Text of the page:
The witch hunt against President Donald Trump and his administration continues in the mainstream media. Last night, The Washington Post reported that Attorney General Jeff Sessions spoke to the Russian ambassador twice during the campaign, which he did not mention during his confirmation hearing.

Thing is, the article disproves the newspaper’s thesis. Sen. Patrick Leahy (VT) asked Sessions if he had been in contact with any Russian government officials about the 2016 election. Sessions said no.

Here is the headline:

Talk about click bait. Like I said, the article completely disproves the headline. But publications know that most people will not read past the headline. If they do, they may not make it very far, so go ahead and bury the lede.

Which is exactly what The Washington Post did four paragraphs down.

Read the question again:

Sen. Al Franken (D-MN) specifically asked if Sessions spoke to any Russian officials ABOUT THE 2016 ELECTION. He did not ask if Sessions spoke to Russian officials and left it at that. The Post even admitted as such IN THE ARTICLE:

 

Let me repeat myself: Leahy and Franken specifically asked about Russian communications with members of Trump’s campaign team, not as a senator.

If Franken and Leahy simply asked Sessions, “Did you have any communications with Russian officials?” then they would have a case. But the questions were specifically about Trump’s campaign team.

Sessions released his statement last night:

Justice officials stated that Sessions met with Russian Ambassador Sergey Kislyak “in his capacity as a member of the armed services panel rather than in his role as a Trump campaign surrogate.” Flores reminds the Post that the questions towards Sessions addressed of only Russia.

Flores also mentioned that Sessions met with over 25 ambassadors in 2016: British, Korean, Japanese, Polish, Indian, Chinese, Canadian, Australian and German.

Sessions denied he spoke with Kislyak about the election, but it is troubling that he cannot recall what the two spoke about in the meeting.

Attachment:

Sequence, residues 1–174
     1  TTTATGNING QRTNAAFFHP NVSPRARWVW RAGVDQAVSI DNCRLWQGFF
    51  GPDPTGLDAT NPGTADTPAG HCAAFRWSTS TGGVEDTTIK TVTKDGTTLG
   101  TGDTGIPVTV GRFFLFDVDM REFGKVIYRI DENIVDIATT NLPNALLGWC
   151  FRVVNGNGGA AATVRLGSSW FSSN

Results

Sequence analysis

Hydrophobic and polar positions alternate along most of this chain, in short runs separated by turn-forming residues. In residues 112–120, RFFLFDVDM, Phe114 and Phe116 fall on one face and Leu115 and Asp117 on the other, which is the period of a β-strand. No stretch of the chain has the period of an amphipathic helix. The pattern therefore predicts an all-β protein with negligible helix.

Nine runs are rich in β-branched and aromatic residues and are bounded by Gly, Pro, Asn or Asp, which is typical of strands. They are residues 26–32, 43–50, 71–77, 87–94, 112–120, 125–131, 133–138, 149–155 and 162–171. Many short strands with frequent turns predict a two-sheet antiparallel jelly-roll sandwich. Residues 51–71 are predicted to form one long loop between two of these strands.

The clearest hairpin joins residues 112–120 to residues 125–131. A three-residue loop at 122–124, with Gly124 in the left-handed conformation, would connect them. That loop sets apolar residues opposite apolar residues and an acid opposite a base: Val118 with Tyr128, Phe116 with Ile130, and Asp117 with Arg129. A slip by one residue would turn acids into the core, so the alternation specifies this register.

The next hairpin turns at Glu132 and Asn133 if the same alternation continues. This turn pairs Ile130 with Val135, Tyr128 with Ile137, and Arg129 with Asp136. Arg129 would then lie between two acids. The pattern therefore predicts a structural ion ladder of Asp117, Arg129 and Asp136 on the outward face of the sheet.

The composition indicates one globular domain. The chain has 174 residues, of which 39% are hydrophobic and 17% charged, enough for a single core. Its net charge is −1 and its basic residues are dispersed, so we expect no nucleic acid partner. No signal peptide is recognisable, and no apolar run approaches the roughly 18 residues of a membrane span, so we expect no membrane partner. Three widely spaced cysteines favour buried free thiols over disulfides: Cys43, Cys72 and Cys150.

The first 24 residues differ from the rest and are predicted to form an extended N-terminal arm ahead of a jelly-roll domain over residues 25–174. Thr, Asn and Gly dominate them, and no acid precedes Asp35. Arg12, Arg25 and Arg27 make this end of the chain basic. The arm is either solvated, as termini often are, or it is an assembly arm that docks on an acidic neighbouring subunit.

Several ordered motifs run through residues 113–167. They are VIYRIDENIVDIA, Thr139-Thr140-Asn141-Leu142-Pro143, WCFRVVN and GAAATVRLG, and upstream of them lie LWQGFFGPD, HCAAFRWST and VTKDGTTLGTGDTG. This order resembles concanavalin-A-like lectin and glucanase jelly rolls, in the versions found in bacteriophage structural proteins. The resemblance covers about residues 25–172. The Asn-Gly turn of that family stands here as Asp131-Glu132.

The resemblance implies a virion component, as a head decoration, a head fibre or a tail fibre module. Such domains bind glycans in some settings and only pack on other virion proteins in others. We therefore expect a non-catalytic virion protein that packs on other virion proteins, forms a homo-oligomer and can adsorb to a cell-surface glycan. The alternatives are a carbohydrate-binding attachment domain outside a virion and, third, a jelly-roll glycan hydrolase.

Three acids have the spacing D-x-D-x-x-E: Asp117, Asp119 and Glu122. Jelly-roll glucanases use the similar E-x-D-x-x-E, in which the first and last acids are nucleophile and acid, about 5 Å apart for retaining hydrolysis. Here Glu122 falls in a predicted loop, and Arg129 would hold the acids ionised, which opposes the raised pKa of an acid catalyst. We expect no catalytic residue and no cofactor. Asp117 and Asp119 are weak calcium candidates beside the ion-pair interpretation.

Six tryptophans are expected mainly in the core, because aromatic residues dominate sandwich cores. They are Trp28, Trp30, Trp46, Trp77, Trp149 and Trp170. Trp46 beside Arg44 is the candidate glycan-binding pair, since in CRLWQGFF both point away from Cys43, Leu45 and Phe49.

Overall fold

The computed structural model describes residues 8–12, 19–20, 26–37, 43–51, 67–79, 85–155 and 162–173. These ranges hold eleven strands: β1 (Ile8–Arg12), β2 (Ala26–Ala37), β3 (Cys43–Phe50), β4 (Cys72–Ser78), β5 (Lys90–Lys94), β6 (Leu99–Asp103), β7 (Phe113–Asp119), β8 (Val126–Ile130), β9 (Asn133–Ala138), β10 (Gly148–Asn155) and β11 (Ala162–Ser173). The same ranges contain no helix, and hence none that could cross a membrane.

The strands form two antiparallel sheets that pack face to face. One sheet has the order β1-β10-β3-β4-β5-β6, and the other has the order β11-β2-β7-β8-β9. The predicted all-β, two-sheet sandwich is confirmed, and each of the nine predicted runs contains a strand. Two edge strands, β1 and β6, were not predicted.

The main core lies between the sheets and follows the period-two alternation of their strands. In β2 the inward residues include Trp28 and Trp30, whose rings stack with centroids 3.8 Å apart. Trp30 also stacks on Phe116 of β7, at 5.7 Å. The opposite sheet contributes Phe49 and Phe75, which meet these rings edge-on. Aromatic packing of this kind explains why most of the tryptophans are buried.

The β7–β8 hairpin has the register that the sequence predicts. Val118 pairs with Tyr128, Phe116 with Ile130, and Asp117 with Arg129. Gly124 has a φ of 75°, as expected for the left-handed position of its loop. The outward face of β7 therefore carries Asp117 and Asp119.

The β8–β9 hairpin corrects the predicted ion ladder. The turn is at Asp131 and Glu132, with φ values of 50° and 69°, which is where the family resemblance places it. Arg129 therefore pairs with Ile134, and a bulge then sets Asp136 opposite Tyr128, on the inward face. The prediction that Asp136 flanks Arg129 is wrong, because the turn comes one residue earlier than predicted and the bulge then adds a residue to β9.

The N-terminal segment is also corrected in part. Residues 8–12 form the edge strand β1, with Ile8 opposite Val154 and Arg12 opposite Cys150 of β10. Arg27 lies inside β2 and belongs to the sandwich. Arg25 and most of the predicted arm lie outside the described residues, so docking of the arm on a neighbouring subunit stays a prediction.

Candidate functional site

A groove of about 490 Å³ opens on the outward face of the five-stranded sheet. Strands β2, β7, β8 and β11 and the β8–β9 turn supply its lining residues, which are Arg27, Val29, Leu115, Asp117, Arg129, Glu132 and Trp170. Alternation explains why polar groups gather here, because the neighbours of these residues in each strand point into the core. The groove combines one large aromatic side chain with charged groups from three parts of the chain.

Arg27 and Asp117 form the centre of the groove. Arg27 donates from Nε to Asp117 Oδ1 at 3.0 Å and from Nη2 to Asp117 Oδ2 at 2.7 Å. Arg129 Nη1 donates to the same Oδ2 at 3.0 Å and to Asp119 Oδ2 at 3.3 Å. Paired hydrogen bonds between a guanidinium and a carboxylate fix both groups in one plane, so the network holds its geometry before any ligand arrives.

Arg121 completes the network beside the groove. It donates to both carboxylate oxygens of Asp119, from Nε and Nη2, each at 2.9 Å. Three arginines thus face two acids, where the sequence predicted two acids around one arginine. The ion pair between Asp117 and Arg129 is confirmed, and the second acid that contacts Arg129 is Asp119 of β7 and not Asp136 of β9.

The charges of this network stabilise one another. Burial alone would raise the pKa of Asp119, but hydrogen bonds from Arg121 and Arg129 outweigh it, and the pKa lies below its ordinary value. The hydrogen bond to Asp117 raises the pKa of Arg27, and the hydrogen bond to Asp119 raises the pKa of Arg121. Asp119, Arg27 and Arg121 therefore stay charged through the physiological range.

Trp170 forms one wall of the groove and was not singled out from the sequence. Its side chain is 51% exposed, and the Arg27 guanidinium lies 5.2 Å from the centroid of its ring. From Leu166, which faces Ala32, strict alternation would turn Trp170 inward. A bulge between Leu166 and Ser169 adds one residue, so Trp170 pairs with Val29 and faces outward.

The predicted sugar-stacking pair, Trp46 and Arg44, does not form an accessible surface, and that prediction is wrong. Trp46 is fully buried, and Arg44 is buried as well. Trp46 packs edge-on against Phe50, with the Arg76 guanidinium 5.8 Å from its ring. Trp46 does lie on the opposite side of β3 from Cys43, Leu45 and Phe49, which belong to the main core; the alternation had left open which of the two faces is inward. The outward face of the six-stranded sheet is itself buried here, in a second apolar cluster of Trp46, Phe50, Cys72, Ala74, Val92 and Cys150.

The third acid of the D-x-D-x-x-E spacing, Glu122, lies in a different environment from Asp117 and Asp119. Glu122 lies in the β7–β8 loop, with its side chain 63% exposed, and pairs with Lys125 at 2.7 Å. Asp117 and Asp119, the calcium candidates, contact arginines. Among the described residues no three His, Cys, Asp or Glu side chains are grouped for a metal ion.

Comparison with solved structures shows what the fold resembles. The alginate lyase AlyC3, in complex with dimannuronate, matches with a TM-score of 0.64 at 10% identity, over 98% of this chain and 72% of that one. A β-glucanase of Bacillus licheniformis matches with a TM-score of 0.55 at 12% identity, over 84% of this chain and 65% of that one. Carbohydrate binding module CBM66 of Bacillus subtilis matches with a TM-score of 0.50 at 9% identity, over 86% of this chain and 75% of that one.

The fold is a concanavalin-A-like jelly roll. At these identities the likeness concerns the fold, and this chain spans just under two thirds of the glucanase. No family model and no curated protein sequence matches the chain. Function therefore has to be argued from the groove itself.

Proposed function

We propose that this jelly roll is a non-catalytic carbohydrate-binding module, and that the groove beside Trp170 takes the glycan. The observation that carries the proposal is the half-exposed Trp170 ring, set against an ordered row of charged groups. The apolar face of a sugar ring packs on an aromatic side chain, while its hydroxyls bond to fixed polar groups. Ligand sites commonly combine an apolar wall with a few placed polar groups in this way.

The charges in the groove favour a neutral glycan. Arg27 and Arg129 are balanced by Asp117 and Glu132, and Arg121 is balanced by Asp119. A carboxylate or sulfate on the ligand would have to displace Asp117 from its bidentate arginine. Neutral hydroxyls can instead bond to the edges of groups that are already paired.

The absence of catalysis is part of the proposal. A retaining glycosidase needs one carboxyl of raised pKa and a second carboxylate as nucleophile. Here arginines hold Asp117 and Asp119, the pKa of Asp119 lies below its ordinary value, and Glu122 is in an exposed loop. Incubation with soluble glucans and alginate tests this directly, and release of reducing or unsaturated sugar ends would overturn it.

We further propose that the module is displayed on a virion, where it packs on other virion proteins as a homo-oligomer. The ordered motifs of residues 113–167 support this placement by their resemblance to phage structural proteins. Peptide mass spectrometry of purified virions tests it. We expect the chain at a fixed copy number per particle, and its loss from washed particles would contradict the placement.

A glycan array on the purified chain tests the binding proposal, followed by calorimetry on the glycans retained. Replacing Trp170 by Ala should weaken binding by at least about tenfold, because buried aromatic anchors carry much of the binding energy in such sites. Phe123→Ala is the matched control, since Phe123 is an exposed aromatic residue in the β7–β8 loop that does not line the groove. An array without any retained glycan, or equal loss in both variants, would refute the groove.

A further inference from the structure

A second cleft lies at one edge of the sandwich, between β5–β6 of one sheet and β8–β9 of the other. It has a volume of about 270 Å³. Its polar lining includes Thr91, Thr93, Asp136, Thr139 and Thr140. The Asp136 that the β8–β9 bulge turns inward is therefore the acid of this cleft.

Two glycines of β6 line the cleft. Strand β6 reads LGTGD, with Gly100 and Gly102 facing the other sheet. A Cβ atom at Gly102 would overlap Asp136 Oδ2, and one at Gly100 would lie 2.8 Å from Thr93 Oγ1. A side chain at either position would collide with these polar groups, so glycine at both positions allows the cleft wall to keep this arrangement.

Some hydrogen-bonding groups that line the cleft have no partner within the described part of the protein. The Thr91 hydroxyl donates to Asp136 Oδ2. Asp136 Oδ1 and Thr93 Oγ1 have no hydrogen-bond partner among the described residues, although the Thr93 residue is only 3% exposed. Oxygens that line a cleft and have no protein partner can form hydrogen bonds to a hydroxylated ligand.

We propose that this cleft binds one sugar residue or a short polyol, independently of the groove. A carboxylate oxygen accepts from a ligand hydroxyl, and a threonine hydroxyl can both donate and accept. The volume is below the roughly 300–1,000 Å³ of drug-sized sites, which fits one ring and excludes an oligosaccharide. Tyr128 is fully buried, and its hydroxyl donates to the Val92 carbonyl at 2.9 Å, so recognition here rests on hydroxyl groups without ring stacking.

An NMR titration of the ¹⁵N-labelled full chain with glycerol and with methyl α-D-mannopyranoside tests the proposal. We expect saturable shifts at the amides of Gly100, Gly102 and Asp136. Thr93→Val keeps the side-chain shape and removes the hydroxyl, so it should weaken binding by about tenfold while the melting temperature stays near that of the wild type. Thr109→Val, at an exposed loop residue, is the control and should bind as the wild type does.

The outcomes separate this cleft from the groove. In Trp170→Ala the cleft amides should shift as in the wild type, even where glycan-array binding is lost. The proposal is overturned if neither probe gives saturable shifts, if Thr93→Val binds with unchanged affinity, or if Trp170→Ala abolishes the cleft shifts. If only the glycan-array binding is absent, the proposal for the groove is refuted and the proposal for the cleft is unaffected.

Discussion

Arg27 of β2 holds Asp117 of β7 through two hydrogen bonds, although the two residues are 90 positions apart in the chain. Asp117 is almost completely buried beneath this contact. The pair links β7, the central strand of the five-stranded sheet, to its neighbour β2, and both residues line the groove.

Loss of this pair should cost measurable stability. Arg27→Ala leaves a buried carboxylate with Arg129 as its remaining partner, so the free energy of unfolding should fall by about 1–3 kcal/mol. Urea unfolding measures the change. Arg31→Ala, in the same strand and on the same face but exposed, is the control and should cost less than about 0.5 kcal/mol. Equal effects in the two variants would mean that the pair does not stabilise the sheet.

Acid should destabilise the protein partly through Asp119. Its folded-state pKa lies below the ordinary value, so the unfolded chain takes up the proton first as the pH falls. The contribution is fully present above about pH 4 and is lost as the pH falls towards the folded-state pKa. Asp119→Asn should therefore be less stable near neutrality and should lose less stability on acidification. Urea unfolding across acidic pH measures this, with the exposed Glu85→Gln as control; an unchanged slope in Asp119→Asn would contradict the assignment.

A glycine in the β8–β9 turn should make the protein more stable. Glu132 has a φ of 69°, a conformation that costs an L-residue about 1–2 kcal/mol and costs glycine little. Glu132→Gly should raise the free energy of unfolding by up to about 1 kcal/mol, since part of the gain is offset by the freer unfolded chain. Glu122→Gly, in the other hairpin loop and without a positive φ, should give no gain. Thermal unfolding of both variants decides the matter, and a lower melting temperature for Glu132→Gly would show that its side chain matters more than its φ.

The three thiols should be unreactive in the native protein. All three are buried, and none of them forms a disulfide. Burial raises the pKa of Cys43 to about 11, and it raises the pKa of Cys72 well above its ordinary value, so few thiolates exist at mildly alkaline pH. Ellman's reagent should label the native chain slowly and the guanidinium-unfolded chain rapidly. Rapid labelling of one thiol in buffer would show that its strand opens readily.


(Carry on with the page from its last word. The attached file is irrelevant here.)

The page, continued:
But of course the Democrats have gone crazy, claiming Sessions perjured himself and that he should resign. Ironically, these are the same people who confirmed Eric Holder and turned a blind eye on Operation Fast and Furious. But did he perjure himself? No:

Sessions, as a Senator on the Armed Services Committee, met with over 20 ambassadors in 2016. One of them was the Russian ambassador. There is no evidence, at all, Sessions met with the ambassador to review Trump campaign strategy, or anything of the sort. The suggestion that our Senators should not be meeting with representatives of foreign governments is ludicrous, especially coming from people who championed the Clinton Foundation meeting with foreign governments frequently to fund their Clinton Foundation and personal enrichment.

The criminal law only prohibits lying to Congress under two statutes — 18 USC 1621 ands 18 USC 1001. Section 1621 requires a person “willfully and contrary” to a sworn oath “subscribe a material matter” which is both false and the person knows to be false. Section 1001 is basically the same, without certain tribunal prerequisites: it also requires the government prove a person willfully made a materially false statement. This requires three elements: first, a false statement; second, the false statement be “material”; and third, the false statement be made “knowingly” and “willfully.” A statement is not false if it can be interpreted in an innocent manner. A statement is not material if it is not particularly relevant to the subject of the inquiry. Willfully is a very high standard of proof: it requires the person know they are committing the crime, and do so anyway. None of the three exist as to Sessions.

The White House has backed Sessions against the smear. In its morning communications briefing, the White House provided some more facts against the Democrats and media’s claims:

Sessions spoke to the Russian ambassador TWICE in 2016, which makes the Post and Democrats think that’s enough evidence that he perjured himself and he should resign. Others on the Senate Armed Forces Committee stated that they never met with the Russian ambassador last year. Sen. Claire McCaskill (D-MO) even said she has NEVER met with a Russian ambassador. Oh, Kemberlee reports otherwise:

Fellow Republicans, though, have now called for Sessions to recuse himself and appoint a special prosecutor if the Department of Justice starts an investigation into possible Russian interference with our presidential election:

Republicans like former Oversight Chairman Darrell Issa (R-Calif.) and Sen. Rob Portman (R-Ohio) are calling on Sessions to step aside so an independent review of Russian meddling into the election can take place with the full confidence of the American people.

“We need an independent review by a credible third party and that Attorney General Sessions should recuse himself from any investigation into Russia,” Issa said. “We need a clear-eyed view of what the Russians actually did so that all Americans can have faith in our institutions.”

Several House Republicans from swing districts, including Reps. Martha McSally (R-Ariz.), Ryan Costello (R-Pa.), Mike Coffman (R-Colo.), and Frank LoBiondo (R-N.J.), who is on the House Intelligence Committee, also joined the calls for Sessions to recuse himself.

Sessions spoke with NBC News about this fiasco and said he will recuse himself if he has to:

“I have said whenever it’s appropriate, I will recuse myself,” he said. “There’s no doubt about that.”